Green Card holders must wait five years before applying for citizenship. The citizenship process, also known as naturalization, is the last step in becoming a full citizen.
- Type 3 – Student Visa
A “Study Abroad” visa! When traveling to a country to attend school, you must apply for a student visa. The term “travel” in this context refers to excursions where you would be attending classes or studying certain subjects, but many would concur that all travel, regardless of the cause, ends up being an educational experience.
These visas are available to exchange students staying for a few weeks or for a year or more.
As usual, requirements vary by visa and by nation. Keep in mind that a student visa is a non-immigrant visa.
- Type 4 – Work Visa
The toughest and trickiest sort of visa to obtain in any nation is the work visa, in this case, the Netherlands work permit visa. This is done for a very straightforward reason: governments want their own population to be the main drivers of economic activity in their nation.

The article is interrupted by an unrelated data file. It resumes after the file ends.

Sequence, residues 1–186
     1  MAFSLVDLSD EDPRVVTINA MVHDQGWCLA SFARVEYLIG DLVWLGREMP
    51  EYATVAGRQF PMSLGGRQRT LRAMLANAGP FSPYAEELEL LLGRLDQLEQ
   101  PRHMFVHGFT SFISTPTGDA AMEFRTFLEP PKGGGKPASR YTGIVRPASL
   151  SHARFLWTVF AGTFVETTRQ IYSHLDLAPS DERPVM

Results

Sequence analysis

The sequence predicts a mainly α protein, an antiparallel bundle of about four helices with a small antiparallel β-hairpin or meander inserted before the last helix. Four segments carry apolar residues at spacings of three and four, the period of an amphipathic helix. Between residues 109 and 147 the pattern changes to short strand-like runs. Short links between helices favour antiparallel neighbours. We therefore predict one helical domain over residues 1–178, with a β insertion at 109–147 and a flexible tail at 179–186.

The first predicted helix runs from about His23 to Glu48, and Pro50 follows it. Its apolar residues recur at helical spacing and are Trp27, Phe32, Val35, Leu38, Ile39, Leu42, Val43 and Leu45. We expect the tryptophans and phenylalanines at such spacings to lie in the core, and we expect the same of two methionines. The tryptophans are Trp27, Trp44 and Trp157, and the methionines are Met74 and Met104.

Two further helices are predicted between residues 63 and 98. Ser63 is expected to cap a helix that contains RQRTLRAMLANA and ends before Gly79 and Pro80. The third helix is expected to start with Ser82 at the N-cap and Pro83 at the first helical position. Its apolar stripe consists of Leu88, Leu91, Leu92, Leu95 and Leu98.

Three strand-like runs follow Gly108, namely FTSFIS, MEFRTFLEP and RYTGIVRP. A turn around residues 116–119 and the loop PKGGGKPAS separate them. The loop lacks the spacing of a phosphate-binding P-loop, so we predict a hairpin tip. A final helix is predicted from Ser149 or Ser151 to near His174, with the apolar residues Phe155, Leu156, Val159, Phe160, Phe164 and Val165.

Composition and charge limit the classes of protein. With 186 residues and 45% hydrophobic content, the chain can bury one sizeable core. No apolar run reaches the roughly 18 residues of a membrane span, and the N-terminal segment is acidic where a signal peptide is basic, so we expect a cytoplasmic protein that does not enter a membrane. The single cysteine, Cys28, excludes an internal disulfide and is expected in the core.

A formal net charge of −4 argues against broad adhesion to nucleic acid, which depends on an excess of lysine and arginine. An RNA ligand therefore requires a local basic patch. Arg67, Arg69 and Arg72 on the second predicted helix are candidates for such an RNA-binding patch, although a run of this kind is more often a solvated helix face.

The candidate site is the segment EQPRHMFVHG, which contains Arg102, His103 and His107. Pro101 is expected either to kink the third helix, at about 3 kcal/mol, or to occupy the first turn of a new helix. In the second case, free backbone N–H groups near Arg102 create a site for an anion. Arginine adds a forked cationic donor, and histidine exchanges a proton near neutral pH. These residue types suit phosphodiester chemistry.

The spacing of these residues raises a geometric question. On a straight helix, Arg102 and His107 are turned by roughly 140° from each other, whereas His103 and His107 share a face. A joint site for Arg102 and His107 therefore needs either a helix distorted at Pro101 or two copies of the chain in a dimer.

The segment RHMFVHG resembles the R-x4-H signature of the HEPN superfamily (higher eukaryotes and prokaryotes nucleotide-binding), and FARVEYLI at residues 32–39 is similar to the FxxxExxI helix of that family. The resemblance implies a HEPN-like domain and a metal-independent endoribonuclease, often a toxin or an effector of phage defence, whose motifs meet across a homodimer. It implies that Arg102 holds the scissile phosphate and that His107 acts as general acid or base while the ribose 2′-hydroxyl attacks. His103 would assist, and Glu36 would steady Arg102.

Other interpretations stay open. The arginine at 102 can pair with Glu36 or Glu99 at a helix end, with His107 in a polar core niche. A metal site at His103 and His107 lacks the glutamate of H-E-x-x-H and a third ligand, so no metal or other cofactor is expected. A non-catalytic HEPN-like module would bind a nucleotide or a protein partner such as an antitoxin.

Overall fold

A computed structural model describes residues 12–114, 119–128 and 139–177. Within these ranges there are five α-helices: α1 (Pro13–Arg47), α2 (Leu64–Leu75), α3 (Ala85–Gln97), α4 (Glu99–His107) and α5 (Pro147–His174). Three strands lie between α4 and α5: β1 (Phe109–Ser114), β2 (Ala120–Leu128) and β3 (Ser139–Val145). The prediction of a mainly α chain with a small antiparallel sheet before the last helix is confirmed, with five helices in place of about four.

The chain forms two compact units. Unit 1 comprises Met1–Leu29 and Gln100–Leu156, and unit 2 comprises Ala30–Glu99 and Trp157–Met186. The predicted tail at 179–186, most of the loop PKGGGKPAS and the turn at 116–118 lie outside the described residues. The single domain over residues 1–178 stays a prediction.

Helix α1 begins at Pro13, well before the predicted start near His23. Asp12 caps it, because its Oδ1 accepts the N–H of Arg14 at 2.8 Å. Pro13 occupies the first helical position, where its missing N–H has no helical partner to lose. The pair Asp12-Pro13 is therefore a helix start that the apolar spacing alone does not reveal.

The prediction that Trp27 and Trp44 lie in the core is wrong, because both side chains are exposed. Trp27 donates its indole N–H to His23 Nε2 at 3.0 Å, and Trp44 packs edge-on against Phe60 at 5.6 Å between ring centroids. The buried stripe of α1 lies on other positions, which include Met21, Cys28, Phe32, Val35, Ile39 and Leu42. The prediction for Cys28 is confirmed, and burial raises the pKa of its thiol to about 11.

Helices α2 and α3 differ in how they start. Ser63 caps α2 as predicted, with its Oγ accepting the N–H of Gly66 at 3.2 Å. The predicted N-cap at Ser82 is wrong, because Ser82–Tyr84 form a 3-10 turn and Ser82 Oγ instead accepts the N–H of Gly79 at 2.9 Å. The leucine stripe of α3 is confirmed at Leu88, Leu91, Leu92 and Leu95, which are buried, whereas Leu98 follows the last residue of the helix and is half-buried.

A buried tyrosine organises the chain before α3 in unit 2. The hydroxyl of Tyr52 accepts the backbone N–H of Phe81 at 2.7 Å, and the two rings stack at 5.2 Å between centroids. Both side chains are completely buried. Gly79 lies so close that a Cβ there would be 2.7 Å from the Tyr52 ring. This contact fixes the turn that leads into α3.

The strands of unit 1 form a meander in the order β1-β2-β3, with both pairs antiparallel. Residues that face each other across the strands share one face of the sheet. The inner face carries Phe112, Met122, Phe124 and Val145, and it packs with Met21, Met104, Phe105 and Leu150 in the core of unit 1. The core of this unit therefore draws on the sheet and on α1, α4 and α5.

Every nation wants to make sure that its inhabitants are given preference for the employment available there. However, getting one of these sought-after visas can be simpler if you own your own firm.
So there you have it. Here is a comprehensive overview of the Netherlands immigration process. Are you looking for advice that is more individualized, systematic, and precise? Don’t look elsewhere! If you have any further questions, please visit Curiotory’s website or get in touch with us.
- Do Indians need a visa to travel to the Netherlands?
Since the Netherlands is a part of the European Union (EU) and the Schengen Area, you will need a visa to enter the nation.